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              FK506 ameliorates proteinuria and glomerular lesions induced by anti-Thy 1.1 monoclonal antibody 1-22-3

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                Author and article information

                Journal
                NEP
                Nephron Physiol
                10.1159/issn.1660-2137
                Nephron Physiology
                S. Karger AG
                1660-2137
                2008
                July 2008
                04 July 2008
                : 109
                : 2
                : p19-p27
                Affiliations
                Tsumura & Co., Central Research Laboratories and Ibaraki Plant, Ami-machi, Japan
                Article
                142397 Nephron Physiol 2008;109:p19
                10.1159/000142397
                18600032
                © 2008 S. Karger AG, Basel

                Copyright: All rights reserved. No part of this publication may be translated into other languages, reproduced or utilized in any form or by any means, electronic or mechanical, including photocopying, recording, microcopying, or by any information storage and retrieval system, without permission in writing from the publisher. Drug Dosage: The authors and the publisher have exerted every effort to ensure that drug selection and dosage set forth in this text are in accord with current recommendations and practice at the time of publication. However, in view of ongoing research, changes in government regulations, and the constant flow of information relating to drug therapy and drug reactions, the reader is urged to check the package insert for each drug for any changes in indications and dosage and for added warnings and precautions. This is particularly important when the recommended agent is a new and/or infrequently employed drug. Disclaimer: The statements, opinions and data contained in this publication are solely those of the individual authors and contributors and not of the publishers and the editor(s). The appearance of advertisements or/and product references in the publication is not a warranty, endorsement, or approval of the products or services advertised or of their effectiveness, quality or safety. The publisher and the editor(s) disclaim responsibility for any injury to persons or property resulting from any ideas, methods, instructions or products referred to in the content or advertisements.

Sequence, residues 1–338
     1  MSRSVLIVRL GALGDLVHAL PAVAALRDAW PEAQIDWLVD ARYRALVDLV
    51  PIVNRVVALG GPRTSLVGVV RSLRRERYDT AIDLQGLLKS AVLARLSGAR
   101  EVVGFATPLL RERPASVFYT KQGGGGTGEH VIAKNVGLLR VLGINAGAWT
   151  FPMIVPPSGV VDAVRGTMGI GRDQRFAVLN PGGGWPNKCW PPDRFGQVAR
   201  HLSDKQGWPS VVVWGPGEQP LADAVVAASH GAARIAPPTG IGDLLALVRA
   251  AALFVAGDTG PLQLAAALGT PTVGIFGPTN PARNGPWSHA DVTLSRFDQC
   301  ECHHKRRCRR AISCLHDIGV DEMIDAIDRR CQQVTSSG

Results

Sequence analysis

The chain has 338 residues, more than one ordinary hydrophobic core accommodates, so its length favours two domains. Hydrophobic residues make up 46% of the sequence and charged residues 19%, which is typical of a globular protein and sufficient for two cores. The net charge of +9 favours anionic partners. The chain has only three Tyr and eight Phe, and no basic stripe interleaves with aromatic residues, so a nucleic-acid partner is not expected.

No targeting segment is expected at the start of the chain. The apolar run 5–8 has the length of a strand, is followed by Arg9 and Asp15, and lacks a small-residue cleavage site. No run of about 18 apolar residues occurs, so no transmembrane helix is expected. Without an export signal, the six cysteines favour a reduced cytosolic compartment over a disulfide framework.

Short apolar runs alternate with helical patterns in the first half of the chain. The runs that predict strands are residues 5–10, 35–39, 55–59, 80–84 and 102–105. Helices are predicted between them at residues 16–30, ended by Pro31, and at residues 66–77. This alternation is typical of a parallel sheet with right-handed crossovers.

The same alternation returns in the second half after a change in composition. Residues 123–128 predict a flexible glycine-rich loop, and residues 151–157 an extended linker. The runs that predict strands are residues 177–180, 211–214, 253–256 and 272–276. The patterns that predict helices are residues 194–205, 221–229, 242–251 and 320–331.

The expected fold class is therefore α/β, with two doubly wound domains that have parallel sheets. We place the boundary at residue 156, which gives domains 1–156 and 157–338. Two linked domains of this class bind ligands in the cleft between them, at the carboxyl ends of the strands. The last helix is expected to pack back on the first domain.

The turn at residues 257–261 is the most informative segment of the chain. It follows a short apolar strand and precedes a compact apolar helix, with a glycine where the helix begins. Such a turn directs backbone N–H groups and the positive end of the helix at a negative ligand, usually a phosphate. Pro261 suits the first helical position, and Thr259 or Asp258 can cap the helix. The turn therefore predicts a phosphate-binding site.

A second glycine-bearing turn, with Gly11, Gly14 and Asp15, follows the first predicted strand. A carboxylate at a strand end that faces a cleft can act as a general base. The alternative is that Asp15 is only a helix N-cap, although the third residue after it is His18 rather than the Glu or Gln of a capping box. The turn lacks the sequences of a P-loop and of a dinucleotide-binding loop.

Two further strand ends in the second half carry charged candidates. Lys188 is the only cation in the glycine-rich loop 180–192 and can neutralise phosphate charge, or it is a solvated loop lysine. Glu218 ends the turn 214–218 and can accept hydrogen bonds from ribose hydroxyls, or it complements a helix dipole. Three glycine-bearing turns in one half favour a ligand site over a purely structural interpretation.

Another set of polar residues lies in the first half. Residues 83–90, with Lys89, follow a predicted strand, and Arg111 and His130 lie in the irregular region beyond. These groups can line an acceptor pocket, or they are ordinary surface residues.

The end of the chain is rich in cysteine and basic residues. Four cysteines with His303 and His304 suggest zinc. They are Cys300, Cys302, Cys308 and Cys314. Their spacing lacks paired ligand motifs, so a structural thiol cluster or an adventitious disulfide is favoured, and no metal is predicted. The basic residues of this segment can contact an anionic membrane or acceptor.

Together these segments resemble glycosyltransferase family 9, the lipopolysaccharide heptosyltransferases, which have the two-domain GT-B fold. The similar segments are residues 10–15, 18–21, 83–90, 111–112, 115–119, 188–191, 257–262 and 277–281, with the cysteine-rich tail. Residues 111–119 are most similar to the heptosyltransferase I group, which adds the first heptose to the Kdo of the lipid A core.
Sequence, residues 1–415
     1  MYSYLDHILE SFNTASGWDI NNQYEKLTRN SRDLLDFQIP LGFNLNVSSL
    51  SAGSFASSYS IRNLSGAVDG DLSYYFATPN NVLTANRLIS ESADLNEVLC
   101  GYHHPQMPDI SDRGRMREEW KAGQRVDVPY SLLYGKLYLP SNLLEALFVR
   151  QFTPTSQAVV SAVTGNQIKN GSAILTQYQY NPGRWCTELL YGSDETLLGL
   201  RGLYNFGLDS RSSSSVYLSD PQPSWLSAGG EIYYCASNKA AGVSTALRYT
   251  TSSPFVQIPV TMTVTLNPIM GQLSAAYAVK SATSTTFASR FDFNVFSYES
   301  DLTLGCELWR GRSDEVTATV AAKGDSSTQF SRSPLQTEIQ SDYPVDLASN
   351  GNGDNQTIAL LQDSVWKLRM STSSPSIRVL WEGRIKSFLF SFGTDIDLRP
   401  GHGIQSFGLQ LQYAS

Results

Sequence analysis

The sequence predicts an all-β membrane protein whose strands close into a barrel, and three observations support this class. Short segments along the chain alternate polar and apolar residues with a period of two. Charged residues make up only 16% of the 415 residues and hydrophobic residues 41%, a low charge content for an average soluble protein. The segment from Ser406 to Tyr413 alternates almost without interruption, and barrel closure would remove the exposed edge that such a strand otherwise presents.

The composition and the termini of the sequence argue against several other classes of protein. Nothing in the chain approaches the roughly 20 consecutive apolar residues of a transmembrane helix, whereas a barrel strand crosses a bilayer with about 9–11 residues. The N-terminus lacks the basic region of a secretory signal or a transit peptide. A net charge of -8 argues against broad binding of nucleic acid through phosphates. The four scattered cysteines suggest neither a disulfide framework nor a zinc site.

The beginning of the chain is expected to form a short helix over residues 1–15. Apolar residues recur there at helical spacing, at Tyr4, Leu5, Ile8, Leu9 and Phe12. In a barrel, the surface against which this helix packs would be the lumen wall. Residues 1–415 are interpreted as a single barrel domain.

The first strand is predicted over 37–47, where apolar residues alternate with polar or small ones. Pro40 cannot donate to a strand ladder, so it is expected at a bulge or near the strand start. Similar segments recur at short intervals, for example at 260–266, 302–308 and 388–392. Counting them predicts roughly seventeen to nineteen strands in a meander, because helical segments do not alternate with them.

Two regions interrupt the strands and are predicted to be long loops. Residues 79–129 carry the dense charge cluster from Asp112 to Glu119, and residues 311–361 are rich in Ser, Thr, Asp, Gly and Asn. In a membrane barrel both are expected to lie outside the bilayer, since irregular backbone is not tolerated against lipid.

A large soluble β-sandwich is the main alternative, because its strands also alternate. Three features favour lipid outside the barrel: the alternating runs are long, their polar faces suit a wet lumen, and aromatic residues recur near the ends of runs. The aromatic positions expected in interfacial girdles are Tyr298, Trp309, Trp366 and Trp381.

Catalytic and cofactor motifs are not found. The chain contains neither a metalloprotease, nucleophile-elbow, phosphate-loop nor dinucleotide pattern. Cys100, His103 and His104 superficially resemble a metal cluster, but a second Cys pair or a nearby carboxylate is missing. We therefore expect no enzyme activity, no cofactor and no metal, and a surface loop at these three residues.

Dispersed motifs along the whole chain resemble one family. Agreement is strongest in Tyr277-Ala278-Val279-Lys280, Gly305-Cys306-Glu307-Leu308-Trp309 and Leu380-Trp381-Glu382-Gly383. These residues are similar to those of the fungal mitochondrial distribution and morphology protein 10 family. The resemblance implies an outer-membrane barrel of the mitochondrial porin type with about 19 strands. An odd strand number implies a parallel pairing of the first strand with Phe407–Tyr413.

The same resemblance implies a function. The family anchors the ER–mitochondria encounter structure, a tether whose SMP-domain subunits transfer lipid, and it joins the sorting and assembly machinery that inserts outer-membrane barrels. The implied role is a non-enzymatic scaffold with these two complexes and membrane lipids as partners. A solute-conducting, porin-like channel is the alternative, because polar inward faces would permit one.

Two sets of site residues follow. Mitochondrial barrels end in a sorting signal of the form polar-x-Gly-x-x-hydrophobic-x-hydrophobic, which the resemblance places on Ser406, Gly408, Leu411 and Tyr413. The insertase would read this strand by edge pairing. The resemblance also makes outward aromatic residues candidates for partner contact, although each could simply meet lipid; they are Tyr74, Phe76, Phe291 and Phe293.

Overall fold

Page count
                Figures: 4, Tables: 3, References: 28, Pages: 1
                Categories
                Original Paper